Judge Now Decides if Blake Goes on Trial

Times Staff Writers

After nine days of testimony, a Los Angeles judge is expected to decide today whether actor Robert Blake will stand trial on charges that he attempted to hire two Hollywood stuntmen to kill his wife, and then pulled the trigger himself.

Superior Court Judge Lloyd M. Nash also will decide if Blake, 69, is eligible for bail. He has been in jail for 11 months.

"It's an important issue," Nash said as testimony wrapped up Thursday. "I want to deal with it directly."

Prosecutors charged Blake with ambushing his wife, Bonny Lee Bakley, 44, while she sat in his car May 4, 2001, near the Studio City restaurant where they had just dined.

The special circumstance of "lying in wait" makes it a potential death penalty case, although prosecutors have said they will not seek execution.

Because it is a capital case, Blake is ineligible for bail. But defense lawyers have argued that prosecutors filed the lying-in-wait allegation solely to keep Blake behind bars pending trial.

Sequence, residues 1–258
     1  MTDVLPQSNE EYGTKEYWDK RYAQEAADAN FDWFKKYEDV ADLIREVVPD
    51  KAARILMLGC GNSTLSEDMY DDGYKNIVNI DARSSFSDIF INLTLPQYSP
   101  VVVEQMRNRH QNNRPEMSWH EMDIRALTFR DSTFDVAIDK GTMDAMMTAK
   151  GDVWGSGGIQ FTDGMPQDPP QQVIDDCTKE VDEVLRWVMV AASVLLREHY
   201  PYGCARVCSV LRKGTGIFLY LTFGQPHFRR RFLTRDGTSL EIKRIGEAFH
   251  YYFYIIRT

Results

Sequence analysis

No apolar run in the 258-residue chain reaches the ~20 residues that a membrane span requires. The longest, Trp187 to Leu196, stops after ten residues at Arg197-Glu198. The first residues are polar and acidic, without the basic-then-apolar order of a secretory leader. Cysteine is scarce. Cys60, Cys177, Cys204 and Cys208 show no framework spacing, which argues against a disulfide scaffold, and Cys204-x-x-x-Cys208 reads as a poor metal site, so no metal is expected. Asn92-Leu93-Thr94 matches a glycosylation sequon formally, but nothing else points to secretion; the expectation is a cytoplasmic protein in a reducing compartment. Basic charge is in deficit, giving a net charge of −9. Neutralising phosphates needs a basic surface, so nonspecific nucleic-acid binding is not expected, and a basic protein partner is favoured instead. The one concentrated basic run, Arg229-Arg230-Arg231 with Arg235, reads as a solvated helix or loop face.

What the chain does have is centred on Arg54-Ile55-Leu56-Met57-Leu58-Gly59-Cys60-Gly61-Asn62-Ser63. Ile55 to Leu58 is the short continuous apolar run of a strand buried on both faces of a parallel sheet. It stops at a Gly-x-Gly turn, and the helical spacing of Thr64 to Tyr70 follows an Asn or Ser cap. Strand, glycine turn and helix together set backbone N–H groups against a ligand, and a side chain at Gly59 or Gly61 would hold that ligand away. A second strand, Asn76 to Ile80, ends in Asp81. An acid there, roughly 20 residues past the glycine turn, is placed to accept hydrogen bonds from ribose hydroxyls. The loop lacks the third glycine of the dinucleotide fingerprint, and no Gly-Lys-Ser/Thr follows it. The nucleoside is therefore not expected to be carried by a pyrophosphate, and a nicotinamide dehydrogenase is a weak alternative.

The judge earlier denied bail, saying he would not make a decision until he had heard all the evidence during the preliminary hearing.

On Wednesday, Nash instructed Blake's attorney, Thomas A. Mesereau Jr., to be prepared to propose the type and conditions of bail, and specify where Blake would reside, should he be released. Blake has sold his Studio City and Hidden Hills homes while incarcerated.

Blake posted $1-million bail for his co-defendant, Earle S. Caldwell, 46, in the days after their arrests April 18. Caldwell is charged with conspiring with Blake to commit murder.

Prosecutors called 20 witnesses and introduced more than 80 exhibits during the preliminary hearing.

On the final day of testimony, a deputy medical examiner told the judge that gunshot residue was found on Blake's hands, clothes and boots, but could not say whether it came from the weapon used to kill Bakley. A firearms specialist testified that the fatal bullets were fired from a vintage Walther P-38 handgun.

Also testifying was a Los Angeles police detective, who said Caldwell had "bookmarked" computer Web sites that explain how to make silencers.

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